This tiny bird was in the Abaco coppice, well off the beaten track. Nearly two miles down a notably unbeaten track, in fact, that later was to lead to a puncture-and-@$%^&*-I-forgot-my-cellphone drama. Trauma, even. The hummer knew perfectly well that I had crept up behind it, but it had presumably seen few bipeds. It would not have known of their urge to bulldoze wild habitat and turn it into massive unsold developments, as has happened a short way up the coast… So it just carried on with what a bird has to do to keep itself looking presentable, while I, feeling rather rude and intrusive, took some quick pictures before leaving it in peace. Rather than sell these intimate studies to Hello!, OK!, Chirpy! or Tweet!, I am displaying them free for your enjoyment.
In addition to the Cuban Emerald, the Bahamas has its own endemic hummingbird, the Bahama Woodstar. In the faltering early days of this blog, I posted about them both atBAHAMA WOODSTARS & CUBAN EMERALDS: THE HUMMINGBIRDS OF ABACOAt that time, I was not really a ‘birder’ at all, and had only a very basic camera, so my own pictures were… very basic. But you may be interested in some of the info in the post about these two species, so I mention it in passing.
I took photos of this tiny bird at BPS last month. They were ‘chance’ pics taken when we were photographing parrots in the tree tops. The hummer suddenly appeared some way ahead of me, so I swivelled the camera at it without changing any settings. Frankly, I didn’t expect the results to show more than a small green blur, but they have turned out slightly better than anticipated. I put these images on my subsidiary ‘Gallery’ site and people seem to like them so I’ve decided to add them here too. After all, it’s their true home, I suppose, with the other Abaco wildlife. Apologies to those who have seen these already on the other site. The images are exactly as taken – no colour tweaking, no sharpening, no photoshop - and may not stand enlargement or close scrutiny, because I was several yards away. On the other hand they give a good idea of how this bird feeds. The body postures are very characteristic, and besides, the plants are pretty…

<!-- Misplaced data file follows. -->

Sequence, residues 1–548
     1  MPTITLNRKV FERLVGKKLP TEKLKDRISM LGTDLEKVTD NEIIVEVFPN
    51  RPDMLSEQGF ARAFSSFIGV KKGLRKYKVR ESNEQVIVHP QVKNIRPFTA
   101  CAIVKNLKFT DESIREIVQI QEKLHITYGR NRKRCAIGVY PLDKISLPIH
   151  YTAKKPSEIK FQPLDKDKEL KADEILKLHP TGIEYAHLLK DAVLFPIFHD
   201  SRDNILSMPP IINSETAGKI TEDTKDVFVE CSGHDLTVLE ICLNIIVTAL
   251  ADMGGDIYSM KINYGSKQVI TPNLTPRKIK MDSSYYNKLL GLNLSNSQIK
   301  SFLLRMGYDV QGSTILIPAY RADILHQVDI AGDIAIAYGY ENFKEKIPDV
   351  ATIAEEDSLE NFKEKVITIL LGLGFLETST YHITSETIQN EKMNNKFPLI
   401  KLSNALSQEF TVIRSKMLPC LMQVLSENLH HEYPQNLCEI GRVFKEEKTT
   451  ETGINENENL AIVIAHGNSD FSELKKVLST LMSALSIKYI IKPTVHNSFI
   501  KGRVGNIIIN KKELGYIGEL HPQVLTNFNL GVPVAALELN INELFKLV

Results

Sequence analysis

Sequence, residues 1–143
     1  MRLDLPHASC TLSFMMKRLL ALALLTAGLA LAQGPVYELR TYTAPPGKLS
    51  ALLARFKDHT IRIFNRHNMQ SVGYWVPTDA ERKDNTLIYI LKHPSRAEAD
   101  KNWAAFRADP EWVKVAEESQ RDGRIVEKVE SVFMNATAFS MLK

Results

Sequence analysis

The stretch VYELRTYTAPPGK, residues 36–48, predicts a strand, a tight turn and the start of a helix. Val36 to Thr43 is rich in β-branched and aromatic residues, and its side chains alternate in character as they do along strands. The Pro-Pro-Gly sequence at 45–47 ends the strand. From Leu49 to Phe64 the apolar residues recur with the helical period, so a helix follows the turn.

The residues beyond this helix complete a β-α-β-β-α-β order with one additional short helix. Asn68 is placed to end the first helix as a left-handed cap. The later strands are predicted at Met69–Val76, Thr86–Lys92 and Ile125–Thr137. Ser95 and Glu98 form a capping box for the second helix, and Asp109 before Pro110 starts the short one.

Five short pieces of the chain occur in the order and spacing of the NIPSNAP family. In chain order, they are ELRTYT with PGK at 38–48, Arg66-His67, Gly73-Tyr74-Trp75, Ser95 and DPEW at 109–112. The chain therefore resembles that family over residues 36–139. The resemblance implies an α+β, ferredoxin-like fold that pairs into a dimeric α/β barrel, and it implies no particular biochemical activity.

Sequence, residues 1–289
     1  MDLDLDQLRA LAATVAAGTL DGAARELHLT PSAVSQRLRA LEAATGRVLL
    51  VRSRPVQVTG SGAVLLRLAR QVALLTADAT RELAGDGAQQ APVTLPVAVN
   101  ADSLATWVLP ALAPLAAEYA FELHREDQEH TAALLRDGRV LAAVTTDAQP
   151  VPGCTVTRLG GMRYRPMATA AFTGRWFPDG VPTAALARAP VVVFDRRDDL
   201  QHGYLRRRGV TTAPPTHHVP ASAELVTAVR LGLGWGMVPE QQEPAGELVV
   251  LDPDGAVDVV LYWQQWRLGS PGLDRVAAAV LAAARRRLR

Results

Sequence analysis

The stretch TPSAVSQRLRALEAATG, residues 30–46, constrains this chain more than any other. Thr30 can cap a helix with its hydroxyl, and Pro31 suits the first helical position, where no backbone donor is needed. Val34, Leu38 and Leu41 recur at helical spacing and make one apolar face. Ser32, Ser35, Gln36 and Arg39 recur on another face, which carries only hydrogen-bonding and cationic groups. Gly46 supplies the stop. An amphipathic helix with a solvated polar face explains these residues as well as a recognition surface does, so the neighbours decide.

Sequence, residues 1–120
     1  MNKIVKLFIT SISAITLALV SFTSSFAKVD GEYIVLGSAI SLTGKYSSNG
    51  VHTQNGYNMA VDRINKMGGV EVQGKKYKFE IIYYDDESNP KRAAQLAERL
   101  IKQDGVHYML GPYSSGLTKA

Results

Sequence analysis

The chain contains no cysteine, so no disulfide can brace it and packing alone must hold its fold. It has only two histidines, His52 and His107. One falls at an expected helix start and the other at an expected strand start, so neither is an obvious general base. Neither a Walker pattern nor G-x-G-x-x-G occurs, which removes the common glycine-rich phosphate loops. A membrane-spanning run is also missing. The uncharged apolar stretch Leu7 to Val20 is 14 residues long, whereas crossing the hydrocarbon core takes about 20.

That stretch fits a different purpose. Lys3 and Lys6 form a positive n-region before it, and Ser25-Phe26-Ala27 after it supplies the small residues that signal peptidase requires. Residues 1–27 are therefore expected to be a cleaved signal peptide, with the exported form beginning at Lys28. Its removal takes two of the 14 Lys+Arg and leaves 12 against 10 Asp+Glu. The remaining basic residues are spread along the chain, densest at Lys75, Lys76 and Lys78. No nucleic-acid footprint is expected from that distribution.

This is a ‘holding’ post while I am actually on Abaco, to be rejigged in due course. The weather is a bit variable, my fishing is somewhat variable (as usual – more miss than hit, though my biggest bone yet a couple of days ago), the birds are fantastic. Abaco has two hummingbird species, the endemic Bahama Woodstar and the Cuban Emerald. The Woodstars are rather pushed around by the Emeralds, and tend to be scarcer where there are plenty of Emeralds. We are lucky at Delphi that both species coexist in relative harmony, although this may be largely due to the sugar-water feeders and the hummer-friendly planting around the Lodge. Here are a few irridescent images I’ve taken in the last few days. Things are a bit slow here (the internet connections, not me), so the image order, formatting and sizing may need attention later on…
Oh. Is that the time? I need a Kalik and lie down. I’ll add a couple pics more later!
NB these photos are posted exactly as taken. No photoshop, no iFiddling, no cropping. That’s how close you can get to these tiny birds…
ADDENDUM A few shots of a hummer in flight feeding on plants can now be seen on my subsidiary website HERE
Here is a clip taken from the excellent websiteTHE ABACO SCIENTIST, with the kind permission of Dr Craig Layman of FIU. The brief summary of the South Abaco Bird Count 2011 by Elwood D. Bracey is of great interest, not least for the Delphi Club, from where guided Nature Tours take place and where there is a lot of enthusiasm for the birdlife of the island. 75 separate species were recorded this year, including all the known Abaconian endemics.
It is also a very fine photo of a male Bahama Woodstar courtesy ofBIRD FORUM
At an early stage of this blog I set out one of its aims – to help answer the question “What the heck is that small yellow bird over there…?” Since then, images have been posted. Lists and links have been given. Bird books have been reviewed. Every little prompt with ID helps the interested amateur (e.g. rh) and not just with the little yellow birds… I have seen all these birds at or very close to Delphi except the common yellowthroat (which I may well have seen but not “seen” as in recognised); and the red-tailed hawk, which we have spotted in the National Park (seeTO THE LIGHTHOUSE , a rugged (ha!) account of the frankly unnerving trip through the National Park to Hole-in-the-Wall Lighthouse)